Elsa, snuggling with my protection pillow.
Many do it, Some should, some shouldn't. Sleeping with dogs. I awoke this morning before 5am, it was still dark out and I was stuck. Elsa had wiggled her way down to my legs and was completely on top of me from my knees down. There was no turning around or moving at all so I asked her to please change her position. She did without question and curled back up with a deep sleepy moan.
Elsa is sleeping with me now. The rule use to be, not until morning. You see Elsa is one of those 600 lb sleepers. I was talking to a friend yesterday about her newest family member who as it turns out is also a 600 lb sleeper. I'm not sure what causes this poundage but I'm thinking perhaps, muscle. Elsa is solid muscle. She is also a snuggle monster, never happy with just being beside me. No, she needs to be touching in a big way. So before Luke's passing she would sleep with him on their giant bed and join me in the morning so that I could get some sleep.
With Luke now gone I can hardly ask her to sleep alone. So I have set up a pillow, strategically placed to ensure that we both sleep. I have a long body pillow beside me that Miss Elsa can use as her snuggle platform instead of me. She is not always satisfied with it and like this morning will find the living being under the covers to snuggle with. Sometimes it is my head, feet or she just clambers over the pillow to get to me somewhere, somehow.
So many trainers and behavior specialist will say NO to sleeping with your dog. I have a few rules as far as allowing your dog up on the bed, your bed.
1. They need to ask first. If you are in the bed, then your dog should be given permission to come up or not.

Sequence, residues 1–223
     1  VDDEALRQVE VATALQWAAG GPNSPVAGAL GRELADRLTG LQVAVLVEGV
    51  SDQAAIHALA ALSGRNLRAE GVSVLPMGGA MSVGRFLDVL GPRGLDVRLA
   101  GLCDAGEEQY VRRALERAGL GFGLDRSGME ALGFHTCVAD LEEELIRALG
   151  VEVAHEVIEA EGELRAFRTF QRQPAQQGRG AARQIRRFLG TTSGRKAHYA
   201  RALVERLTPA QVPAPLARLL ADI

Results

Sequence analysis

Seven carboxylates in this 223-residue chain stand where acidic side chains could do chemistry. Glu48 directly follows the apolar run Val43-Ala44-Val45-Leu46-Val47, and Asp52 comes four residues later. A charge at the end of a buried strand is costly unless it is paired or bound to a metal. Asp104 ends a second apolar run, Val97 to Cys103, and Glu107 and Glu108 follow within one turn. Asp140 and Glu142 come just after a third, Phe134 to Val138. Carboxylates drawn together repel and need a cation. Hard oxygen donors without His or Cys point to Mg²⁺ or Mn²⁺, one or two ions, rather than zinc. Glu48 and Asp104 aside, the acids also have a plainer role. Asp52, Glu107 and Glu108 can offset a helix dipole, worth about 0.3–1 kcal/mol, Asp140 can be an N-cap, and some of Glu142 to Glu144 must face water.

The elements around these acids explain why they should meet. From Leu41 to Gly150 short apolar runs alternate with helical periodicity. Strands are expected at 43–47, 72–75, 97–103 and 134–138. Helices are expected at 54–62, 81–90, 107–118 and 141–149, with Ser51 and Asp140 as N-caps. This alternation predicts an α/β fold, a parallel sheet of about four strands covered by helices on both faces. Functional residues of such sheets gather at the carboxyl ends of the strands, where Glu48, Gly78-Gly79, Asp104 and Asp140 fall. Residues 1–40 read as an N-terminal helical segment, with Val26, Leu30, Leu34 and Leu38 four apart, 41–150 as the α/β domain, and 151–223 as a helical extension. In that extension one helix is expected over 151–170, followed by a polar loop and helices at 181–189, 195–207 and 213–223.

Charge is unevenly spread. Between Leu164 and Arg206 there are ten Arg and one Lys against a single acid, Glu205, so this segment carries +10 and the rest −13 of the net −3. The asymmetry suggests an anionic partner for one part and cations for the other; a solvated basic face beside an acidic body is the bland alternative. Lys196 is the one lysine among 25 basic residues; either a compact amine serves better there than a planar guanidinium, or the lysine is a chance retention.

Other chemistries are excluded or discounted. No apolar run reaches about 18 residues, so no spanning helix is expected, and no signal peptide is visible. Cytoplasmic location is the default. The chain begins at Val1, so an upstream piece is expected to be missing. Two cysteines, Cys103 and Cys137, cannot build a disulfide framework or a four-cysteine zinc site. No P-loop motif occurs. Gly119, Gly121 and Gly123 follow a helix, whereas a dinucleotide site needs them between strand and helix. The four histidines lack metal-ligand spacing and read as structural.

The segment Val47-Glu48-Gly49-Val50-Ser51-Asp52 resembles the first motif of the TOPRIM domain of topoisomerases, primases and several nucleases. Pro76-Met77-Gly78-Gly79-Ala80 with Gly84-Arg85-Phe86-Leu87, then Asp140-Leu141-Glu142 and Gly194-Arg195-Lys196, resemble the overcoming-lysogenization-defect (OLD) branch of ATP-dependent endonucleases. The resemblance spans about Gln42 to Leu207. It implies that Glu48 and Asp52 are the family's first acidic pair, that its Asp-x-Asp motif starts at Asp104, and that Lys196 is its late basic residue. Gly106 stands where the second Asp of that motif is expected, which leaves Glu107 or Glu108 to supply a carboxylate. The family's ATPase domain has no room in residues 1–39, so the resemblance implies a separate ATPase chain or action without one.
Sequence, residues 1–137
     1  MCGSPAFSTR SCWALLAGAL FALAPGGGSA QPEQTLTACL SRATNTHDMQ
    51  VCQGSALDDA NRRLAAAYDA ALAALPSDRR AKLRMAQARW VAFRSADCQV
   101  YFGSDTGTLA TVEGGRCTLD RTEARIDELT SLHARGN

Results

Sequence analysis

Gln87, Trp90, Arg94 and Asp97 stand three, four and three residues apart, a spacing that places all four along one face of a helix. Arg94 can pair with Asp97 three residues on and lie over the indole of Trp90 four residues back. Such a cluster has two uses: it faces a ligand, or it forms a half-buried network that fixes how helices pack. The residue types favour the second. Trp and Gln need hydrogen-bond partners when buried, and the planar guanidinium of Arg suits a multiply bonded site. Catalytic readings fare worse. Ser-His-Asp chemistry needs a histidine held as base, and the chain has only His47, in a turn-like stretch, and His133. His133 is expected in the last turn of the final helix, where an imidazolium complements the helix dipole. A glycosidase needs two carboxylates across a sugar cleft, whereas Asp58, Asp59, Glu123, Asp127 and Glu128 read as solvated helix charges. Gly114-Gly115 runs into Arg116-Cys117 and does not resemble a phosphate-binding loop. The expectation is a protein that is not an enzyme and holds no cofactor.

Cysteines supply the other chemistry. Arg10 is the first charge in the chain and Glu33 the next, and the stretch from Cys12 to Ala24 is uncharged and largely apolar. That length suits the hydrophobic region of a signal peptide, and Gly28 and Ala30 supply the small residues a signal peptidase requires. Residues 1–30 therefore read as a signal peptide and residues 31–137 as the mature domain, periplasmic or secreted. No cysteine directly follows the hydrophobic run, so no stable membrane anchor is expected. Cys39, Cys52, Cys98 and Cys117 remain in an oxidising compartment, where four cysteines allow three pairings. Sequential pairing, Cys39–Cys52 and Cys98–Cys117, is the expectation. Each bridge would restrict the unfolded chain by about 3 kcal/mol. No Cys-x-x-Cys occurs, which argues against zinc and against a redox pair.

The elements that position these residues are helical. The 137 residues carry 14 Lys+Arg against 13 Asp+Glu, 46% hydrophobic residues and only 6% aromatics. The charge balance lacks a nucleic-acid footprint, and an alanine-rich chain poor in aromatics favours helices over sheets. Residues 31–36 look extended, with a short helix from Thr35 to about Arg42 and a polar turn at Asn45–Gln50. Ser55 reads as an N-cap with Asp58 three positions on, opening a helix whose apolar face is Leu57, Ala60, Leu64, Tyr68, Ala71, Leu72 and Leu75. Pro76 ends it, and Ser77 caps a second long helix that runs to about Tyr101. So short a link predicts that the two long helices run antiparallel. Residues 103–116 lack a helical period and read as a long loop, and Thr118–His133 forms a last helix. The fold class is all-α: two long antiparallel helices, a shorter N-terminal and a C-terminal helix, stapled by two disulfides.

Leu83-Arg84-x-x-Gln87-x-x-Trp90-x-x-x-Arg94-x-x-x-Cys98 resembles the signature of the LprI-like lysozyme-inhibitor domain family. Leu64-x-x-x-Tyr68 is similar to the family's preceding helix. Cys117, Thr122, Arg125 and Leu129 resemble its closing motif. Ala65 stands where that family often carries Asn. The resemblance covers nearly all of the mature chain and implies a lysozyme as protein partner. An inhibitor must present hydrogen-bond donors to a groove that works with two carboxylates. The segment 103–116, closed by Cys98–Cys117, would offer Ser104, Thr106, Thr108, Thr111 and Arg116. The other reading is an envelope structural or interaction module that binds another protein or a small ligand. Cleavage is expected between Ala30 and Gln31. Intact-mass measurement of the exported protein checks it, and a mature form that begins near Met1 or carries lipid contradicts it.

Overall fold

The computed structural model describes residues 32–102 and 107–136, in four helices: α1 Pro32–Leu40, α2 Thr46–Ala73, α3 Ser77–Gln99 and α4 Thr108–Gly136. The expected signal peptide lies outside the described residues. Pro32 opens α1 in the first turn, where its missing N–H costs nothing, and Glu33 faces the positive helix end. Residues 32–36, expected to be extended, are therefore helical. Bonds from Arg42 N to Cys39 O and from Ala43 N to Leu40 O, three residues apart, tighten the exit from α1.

2. Your dog should get off if asked, quickly and politely.
3. There should be no complaining about being moved or pushed around on the bed from your dog. You of course can complain. :)
4. If you are dealing with any issue with regards to who the actual boss is in the house, no bed.
You see, the bed, your bed is prime real estate; and as such the leader of the pack (which should be you) gets first dibs on it. I have spoken to many people who laugh when telling me that their dog growls when they come into bed at night. Not funny at all. If your dog growls at being physically moved or pushed around on the bed, then they should not be on the bed. What they are telling you is "the lower members do not move the leader." It is a clear signal that needs adjustment. Sometimes simply keeping your dog off of your bed can change a lot of problems.
Our bed rule pertains to when we are in it. During the day Elsa is free to be on the bed when she wants. But, she must always get off quickly if asked. If that changes then the bed rule would change. Just like Luke had his "prime real estate" position on the couch. He enforced it with my help. A simple look from him or word "watch out" from me would move anyone in his spot. That spot which has now been taken over by Elsa.
Our bed is about the best thing that we own. Having a good night sleep is very important and as long as your dog follows the rules then everyone can dog pile on it. :)